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Constitution-making in Somalia

A fascinating, first-hand account of current UN-led constitution-making efforts in war-ridden Somalia — arguably one of the bleakest, most dysfunctional corners of today’s world — is offered by Professor David Cameron of the University of Toronto’s Department of Political Science. Professor Cameron, a prominent scholar of Canadian federalism and inter-governmental relations, has long been involved in international efforts to draw on constitutional design and on bona fides multi-party constitutional consultations to mitigate strife in conflict or post-conflict hot spots such as Iraq, Sudan and Sri Lanka.

RH

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Published on July 21, 2010
Author:          Filed under: HP; constitutional design, Ran Hirschl, Somalia
 

3 Responses

  1. Ran: I enjoyed the short piece on Somalia that you provided a link to. It made me think about what the counter-arguments might be to crafting a constitution for a collapsed state such as Somalia. The central problem is how to create order and that will turn on some sort of a political pact between the various warlords. I am concerned that constitutions can be problematic if introduced too early in the process as they can become a focal point for crystallizing disagreements.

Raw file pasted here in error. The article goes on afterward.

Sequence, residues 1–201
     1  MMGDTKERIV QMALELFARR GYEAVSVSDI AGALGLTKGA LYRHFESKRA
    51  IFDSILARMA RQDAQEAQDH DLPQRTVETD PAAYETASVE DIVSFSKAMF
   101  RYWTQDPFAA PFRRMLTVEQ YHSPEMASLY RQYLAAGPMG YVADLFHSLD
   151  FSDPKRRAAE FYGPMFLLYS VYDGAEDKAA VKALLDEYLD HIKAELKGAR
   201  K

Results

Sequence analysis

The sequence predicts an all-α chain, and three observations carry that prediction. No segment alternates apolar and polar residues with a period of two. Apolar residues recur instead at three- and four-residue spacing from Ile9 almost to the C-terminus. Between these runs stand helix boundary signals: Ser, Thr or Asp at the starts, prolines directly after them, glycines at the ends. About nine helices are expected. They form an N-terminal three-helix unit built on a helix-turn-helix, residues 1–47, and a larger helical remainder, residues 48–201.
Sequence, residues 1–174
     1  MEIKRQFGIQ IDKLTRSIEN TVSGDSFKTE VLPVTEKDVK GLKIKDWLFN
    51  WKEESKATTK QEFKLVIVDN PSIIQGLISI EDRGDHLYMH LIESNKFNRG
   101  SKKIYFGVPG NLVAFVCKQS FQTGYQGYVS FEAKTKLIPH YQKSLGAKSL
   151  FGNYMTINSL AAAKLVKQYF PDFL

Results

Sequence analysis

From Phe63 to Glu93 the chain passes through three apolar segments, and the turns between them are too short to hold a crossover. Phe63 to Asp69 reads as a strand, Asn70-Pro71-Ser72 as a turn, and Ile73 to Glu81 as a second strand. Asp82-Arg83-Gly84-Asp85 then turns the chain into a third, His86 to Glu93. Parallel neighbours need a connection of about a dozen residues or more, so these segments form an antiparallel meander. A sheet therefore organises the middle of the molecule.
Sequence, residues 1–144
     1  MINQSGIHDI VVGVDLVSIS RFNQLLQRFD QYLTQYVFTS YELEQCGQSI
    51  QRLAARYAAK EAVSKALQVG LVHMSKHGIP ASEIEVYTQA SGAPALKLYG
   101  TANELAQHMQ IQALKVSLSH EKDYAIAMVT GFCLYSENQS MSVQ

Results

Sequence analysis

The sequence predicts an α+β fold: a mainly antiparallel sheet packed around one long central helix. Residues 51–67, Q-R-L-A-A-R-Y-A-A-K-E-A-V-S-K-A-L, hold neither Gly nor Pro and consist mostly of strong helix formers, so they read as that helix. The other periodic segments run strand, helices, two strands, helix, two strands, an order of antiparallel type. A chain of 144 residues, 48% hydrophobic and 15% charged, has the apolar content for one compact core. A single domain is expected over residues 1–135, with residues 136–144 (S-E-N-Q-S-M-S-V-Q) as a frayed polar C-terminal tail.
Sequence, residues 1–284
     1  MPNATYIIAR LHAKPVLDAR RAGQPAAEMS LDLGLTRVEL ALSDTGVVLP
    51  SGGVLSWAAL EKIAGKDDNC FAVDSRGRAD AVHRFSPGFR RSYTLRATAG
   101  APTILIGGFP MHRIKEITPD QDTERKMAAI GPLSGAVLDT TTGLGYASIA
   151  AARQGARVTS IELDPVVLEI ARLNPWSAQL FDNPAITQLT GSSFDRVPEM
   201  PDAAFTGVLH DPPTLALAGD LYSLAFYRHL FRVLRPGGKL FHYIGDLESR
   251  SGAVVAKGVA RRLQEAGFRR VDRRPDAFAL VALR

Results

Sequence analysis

2. That’s a good point! With respect to the Israeli/Palestinian conflict, for example, the prevalent approach in international mediation efforts has been to leave the core bones of contention (e.g. Jerusalem, right of return) for the final stage and deal with the “softer” issues first. I suppose that in the particular case of Somalia things are so dismal, that there is virtually nothing to lose by trying the constitutional path, however long shot it may be.

  3. The UN is trying to fit the wrong key in to the wrong door…for 15+ times in the past 20+ years.
    The TFG & past TNG’s have all miserably failed the Somali people…. If the TFG can’t fallow the current Somali Constitution…what makes you think that they would fallow the new (proposed) one?

    Why is UN not looking in to other alternatives?

    Such as multi party government based on ideology rather than tribe (or islamophobia from the west).
    (Hanoolaato National Party and other parties)

    The UN has done everything that is unnatural in the eyes of the Somali people…and now the UN is trying to break up the Somali people (in this new proposed constitution) in to little land lands all based on tribe..which will lead to more bloodshed.

    Deeq M Afrika
    Aduunyo.com

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